updated 04/21/1986 AT 01:00 AM EST
•originally published 04/21/1986 AT 01:00 AM EST
I was shocked and outraged to see the antiquated and sexist term "Old Maid" used on your cover (PEOPLE, March 31). However I was pleasantly surprised to find the article offering a much different point of view. The sociologists who conducted the study said, "We are making absolutely no value judgments." Then why did PEOPLE make such a glaring value judgment by using old maid on the cover? It makes me question the age, sex and marital status of your editors.
So you want to give every mother in America a heart attack on the checkout line? Anyone who saw your unkind cover saw the message pervasive in our media that being single, female and over 35 is the end of life. Shame on you for perpetuating this image. The women you interviewed could more aptly be termed bachelorettes than the sexist, outdated old maid. These women are people who choose; they are not wringing their hands and waiting to be chosen. You may have depressed my mother, but I am d—ned angry!
Santa Barbara, Calif.
Should we call women who have not married by 35 old maids or smart cookies?
I suggest you possibly feature a follow-up story on married women over 35. Your title might read, "Most married women over 35 can forget about going to the Caribbean twice a year."
As a 50-year-old, never-married woman, I read with much interest your article "The New Look in Old Maids." It's great to see that I'm in such good company as the popular women celebrities that you interviewed. Their comments are both amusing and realistic. The study mentioned in the article makes a lot of good sense, since it stands to reason that maybe we were not all that anxious to marry when we were younger and chances are that we will not marry when we get older either.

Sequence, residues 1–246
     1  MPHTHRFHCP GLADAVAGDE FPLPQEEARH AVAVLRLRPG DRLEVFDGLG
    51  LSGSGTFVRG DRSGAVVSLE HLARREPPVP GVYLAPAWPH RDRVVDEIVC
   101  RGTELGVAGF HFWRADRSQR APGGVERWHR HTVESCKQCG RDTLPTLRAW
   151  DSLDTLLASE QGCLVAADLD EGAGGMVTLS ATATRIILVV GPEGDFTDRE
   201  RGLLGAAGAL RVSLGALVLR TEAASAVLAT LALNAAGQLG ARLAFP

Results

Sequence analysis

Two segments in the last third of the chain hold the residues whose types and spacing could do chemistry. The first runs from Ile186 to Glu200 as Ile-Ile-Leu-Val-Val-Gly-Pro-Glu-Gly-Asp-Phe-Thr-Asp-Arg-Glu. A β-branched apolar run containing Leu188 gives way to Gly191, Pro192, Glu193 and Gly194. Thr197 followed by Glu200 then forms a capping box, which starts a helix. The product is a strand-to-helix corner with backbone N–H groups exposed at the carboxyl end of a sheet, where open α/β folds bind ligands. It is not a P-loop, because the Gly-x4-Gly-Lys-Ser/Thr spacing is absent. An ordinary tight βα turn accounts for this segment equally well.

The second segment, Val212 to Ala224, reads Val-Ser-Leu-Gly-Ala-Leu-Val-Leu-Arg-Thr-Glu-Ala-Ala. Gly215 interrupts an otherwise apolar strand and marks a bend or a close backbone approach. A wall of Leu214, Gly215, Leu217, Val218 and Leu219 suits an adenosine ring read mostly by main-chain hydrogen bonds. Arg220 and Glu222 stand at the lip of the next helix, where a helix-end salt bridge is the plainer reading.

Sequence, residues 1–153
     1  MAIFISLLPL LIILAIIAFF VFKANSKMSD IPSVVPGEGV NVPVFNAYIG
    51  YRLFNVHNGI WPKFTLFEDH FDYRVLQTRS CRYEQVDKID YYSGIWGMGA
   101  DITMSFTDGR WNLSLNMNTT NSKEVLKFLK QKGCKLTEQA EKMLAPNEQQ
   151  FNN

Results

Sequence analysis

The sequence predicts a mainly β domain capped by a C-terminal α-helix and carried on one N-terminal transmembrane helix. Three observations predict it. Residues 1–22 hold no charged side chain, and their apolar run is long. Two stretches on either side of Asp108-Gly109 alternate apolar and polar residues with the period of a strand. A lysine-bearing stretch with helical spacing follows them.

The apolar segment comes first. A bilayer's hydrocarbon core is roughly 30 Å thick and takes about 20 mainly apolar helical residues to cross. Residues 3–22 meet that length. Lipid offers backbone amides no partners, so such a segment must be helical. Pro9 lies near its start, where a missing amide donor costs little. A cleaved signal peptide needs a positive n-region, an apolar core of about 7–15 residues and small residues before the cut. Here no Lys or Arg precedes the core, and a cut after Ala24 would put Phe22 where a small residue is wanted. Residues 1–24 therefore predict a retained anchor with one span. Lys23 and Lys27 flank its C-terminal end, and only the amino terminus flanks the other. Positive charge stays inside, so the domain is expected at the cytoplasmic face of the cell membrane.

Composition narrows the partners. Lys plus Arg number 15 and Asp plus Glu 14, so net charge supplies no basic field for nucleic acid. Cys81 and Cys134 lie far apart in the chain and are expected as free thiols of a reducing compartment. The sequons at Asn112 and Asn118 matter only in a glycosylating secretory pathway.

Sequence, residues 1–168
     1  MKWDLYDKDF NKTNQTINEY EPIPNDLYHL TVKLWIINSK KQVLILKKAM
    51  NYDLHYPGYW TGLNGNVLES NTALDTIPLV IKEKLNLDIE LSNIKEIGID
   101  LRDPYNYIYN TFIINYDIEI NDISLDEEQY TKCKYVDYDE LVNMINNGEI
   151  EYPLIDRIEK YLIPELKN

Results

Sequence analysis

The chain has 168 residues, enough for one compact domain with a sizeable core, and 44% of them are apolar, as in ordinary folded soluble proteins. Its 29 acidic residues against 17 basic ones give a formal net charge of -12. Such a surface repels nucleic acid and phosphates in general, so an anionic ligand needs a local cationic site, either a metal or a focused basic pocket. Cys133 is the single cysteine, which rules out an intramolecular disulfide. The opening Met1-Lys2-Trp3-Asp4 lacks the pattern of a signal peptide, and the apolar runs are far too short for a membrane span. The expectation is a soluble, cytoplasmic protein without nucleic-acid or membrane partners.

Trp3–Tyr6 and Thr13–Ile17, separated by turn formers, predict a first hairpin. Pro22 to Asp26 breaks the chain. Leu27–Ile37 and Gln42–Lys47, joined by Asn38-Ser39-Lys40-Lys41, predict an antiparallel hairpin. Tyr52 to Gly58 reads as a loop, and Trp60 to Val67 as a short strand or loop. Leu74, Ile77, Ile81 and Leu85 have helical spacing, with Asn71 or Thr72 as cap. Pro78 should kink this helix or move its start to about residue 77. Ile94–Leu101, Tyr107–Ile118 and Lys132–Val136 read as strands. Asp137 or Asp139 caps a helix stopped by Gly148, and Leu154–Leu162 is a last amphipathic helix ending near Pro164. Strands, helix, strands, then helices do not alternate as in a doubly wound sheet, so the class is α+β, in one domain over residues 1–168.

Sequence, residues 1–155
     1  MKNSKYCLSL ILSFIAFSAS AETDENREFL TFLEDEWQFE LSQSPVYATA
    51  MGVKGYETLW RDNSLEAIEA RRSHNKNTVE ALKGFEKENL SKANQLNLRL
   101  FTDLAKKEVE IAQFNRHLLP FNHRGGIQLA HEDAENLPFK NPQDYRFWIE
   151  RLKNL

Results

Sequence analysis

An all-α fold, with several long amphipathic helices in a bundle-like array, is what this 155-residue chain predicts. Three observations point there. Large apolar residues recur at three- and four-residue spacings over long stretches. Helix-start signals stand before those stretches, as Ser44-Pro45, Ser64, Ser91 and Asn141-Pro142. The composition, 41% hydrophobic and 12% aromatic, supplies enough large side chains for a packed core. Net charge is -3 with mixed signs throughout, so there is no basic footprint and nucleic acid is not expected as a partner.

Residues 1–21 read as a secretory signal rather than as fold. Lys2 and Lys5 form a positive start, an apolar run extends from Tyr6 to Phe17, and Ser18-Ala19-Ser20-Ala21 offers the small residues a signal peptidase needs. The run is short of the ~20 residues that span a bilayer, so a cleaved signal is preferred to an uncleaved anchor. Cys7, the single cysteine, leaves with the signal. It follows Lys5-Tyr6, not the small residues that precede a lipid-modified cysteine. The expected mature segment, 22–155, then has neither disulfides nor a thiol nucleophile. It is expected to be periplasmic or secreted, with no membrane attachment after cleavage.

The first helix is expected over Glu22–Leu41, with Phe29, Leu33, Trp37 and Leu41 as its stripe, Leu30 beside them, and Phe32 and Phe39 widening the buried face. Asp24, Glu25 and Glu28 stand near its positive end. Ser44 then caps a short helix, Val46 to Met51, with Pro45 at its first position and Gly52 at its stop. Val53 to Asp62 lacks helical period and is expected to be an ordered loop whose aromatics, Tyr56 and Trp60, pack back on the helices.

I want to commend PEOPLE on the old maids' article. I'm 23 years old, still attending college, with no plans for marriage even though I've dated the same guy for close to five years. It gets tiresome having to answer the old question, "When are you getting married?" The article gave me a renewed sense of hope for my future. For a while I thought I was the only one left of my kind. Thanks for the incentive to proceed onward single.
Enough! If I see one more shot of Lisa Hartman's bare anything, I'll scream. It's great she keeps in shape, but by now her navel ain't novel.
Marina Del Rey, Calif.
We hope you'll bear with us one more time. See page 55.
I was incensed by your story of BulletStop owner Paul LaVista and his rationalization of his promotion of base and primitive instincts as "wholesome family entertainment." His blatant equation of guns with sex and manhood is absolutely barbarian. I hope none of the children who are encouraged to visit see their parents' photographs blown away by a demented ex-spouse. Sport hunting is fine, but BulletStop represents America at its sickest.
East Grand Rapids, Mich.
America, when will you stop treating guns as if they were toys? Their use in a purported atmosphere of wholesome family entertainment does not alter the fact that guns are weapons. Mr. La-Vista, I sincerely hope your business, BulletStop, fails.
I am a 19-year-old widow because of the Arrow Air crash last Dec. 12. I am grateful that John Nance has opened my eyes to airline deregulation with his book Blind Trust, since no one else is willing to tell me why or how my husband and his fellow soldiers were killed. We are being told that the 101st is the pride and joy of our Army. Why then were they transported in the cheapest way possible, while President Marcos was put on a military plane the way the Screaming Eagles should have been brought home? From this I assume that Marcos is more precious to our government than the soldiers protecting our lives. The President's face may have shown pain in Fort Campbell while speaking to the families of the crash victims, but he will never know the anger and frustration that we face each day for the unacceptable and senseless deaths of our loved ones.
Marnie V. Gonzales
La Puente, Calif.
Picks & Pans
I almost didn't go to see Gung Ho because of Ralph Novak's review. I would have missed a very entertaining movie with a message. I don't feel the movie "dwelled bitterly on racism, ignorance, sexism, unemployment and despair." It depicted people as they often are, without sugarcoating the American ideal or the American people. After all we do have our warts. The characters did come around, did learn teamwork and acceptance of their differences. We need some of that working for the common good of our economy right now. I do absolutely agree that Gedde Watanabe was great, but I don't think he added the only "human feeling." One of the Japanese actors—the one whose wife had a baby in the film—captured my heart. I have to find out who he is so I can watch for his future performances.
His name is Rodney Kageyama.